But John doesn’t stop there: he sponsors his parents (who are retired), his wife’s parents (who work part time), and his brothers, none of whom graduated college. They, almost immediately, start collecting more in government funding than they pay in tax. Before you know it John, who looked so promising, has brought his entire family over, and it’s costing American taxpayers to support them. This is how chain-migration, coupled with the welfare state, helps to hamstring the economy.
These are the main problems with chain-migration, although there are others. A good resource is the Federation for American Immigration Reform.
2. Mass Immigration Distorts the Labor Market, Hurting American Workers
My second argument’s based on the axiomatic principles of basic economics. Ever hear of supply and demand? It’s how free markets determine prices. If supply goes up (for example, there are more candy bars), prices go down (cheaper candy bars); if supply goes down, prices go up. The same applies to demand.
The market price for labor (people’s wages) is no different. Increase the supply and prices (wages) will go down. It’s that simple.
Of course, there are a few caveats. For example, if America’s economy were growing rapidly enough that it caused a labor-shortage, then immigration could help the economy continue to grow rapidly. Likewise, the immigration of people with the skills needed to grow the economy in the long run is generally beneficial: inventors and scientists are rarely a bad investment.
But are these caveats in play? Not really. America’s unemployment rate is laughably high—there is no labor shortage. Period.
Right now, immigrants are directly competing with Americans for jobs, which is one of the reasons why wages are stagnating—in fact, they’ve stagnated for most of the period of high immigration. It’s not a coincidence.
Likewise, competition with immigrant workers is also a big reason why the labor force participation rate is declining. Think of it like this: America lost 8.7 million jobs between 2008 and 2010, during the period of the Great Recession. And yet, in that period we accepted over 3 million immigrants. Do you think that helped or hurt American workers?
What do you think happens when the economy sheds jobs, but imports more people? Unemployment rises and labor force participation declines. This is born out in the data:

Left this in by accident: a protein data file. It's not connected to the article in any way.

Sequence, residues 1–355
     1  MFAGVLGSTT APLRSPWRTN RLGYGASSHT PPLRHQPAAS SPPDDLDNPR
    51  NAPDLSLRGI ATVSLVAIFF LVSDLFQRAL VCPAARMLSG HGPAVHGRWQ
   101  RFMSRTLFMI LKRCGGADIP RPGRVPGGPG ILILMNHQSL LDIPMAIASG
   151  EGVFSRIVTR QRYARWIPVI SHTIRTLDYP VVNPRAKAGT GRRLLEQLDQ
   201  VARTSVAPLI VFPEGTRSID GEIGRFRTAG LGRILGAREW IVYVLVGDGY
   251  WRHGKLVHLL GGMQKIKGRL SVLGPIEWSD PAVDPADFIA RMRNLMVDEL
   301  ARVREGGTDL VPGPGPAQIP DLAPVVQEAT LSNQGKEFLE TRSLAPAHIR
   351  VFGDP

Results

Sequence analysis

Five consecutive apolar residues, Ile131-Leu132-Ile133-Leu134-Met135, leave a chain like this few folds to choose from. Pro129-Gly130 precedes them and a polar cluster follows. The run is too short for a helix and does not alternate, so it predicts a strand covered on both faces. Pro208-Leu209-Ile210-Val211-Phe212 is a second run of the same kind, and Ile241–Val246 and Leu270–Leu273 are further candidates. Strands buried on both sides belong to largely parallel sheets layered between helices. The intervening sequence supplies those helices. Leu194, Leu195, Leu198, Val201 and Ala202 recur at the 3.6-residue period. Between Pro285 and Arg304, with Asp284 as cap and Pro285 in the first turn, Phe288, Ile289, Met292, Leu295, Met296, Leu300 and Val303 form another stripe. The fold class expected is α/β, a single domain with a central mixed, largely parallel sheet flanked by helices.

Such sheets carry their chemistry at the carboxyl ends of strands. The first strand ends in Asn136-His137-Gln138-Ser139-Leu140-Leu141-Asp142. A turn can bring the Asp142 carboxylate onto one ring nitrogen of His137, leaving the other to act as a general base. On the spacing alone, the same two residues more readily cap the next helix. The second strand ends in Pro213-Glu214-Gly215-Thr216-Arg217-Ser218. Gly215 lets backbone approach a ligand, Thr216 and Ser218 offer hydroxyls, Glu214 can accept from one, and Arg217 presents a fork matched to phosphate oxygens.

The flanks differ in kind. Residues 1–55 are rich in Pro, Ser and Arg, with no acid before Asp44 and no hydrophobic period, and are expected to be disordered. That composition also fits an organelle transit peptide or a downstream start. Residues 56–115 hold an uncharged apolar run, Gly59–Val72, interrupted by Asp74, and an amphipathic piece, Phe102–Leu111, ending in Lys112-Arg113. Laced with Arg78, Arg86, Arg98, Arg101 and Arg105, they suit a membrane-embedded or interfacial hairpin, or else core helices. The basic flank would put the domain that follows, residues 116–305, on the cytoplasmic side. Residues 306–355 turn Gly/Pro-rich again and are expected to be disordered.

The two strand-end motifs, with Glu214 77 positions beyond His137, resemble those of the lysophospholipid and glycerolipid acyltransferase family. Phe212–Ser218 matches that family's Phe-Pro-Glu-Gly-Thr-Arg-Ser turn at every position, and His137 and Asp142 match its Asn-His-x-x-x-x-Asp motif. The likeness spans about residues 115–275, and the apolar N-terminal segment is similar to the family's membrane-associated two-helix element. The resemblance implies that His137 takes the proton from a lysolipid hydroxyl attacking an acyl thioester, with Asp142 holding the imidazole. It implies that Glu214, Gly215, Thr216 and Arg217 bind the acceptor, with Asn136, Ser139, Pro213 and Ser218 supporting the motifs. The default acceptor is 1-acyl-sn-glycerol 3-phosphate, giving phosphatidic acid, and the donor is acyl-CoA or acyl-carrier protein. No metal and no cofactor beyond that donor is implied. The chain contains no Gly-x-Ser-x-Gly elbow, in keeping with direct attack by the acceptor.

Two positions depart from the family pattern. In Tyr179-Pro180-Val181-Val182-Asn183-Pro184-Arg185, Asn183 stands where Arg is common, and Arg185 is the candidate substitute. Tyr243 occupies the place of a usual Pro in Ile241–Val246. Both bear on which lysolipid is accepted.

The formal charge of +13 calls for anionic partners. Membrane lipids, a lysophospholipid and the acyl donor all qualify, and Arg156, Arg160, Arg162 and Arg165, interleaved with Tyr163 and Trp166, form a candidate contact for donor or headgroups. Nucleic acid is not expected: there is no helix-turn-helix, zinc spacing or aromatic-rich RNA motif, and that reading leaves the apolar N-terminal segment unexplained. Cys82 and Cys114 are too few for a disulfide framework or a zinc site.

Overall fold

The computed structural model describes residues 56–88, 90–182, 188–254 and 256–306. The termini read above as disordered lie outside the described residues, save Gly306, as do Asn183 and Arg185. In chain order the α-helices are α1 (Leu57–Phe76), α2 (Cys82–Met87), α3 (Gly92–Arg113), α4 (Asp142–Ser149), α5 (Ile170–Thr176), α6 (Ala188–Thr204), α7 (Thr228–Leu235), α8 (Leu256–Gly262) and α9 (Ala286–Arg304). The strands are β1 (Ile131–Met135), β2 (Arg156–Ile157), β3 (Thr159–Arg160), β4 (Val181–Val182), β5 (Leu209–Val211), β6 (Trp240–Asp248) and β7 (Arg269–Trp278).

But none of this really matters, if we’re being honest. There is no compelling economic argument for mass immigration. Period.
Because real economic growth isn’t predicated upon population growth, it’s caused by technological growth. Sure, you can double the size of the economy by doubling the population. But who cares? No one’s better off per capita. The country isn’t more prosperous. That’s why India and China have big economies, even though their people are relatively poor, on average.
Immigration only makes nations richer if they contribute to its technological advancement in the long run. That’s why importing scientists is probably a good idea, while importing ditch-diggers isn’t (better to just invest in more tractors).
But again, there’s another caveat at play here: if a nation becomes too dependent upon the immigration of foreign professionals, then its educational infrastructure atrophies, which is bad in the long run. We’ve seen this with America’s medical schools, which train fewer physicians (that go on to practice in America) than in the 1980s. And I’m not talking about per capita rates, these are raw numbers.
Immigration dependence is dangerous.
America Should Lower the Legal Immigration Rate
America is a nation of addicts. We’re addicted to debt. We’re addicted to imports. We’re addicted to immigration.
Basically, America thinks only in the short-term. If we want to remain the world’s most powerful nation by the end of the century, we need to reverse course on the bulk of our self-destructive policies.
It’s time we scrapped the fed, ended the trade deficit, and lowered immigration. It’s time we got our house in order.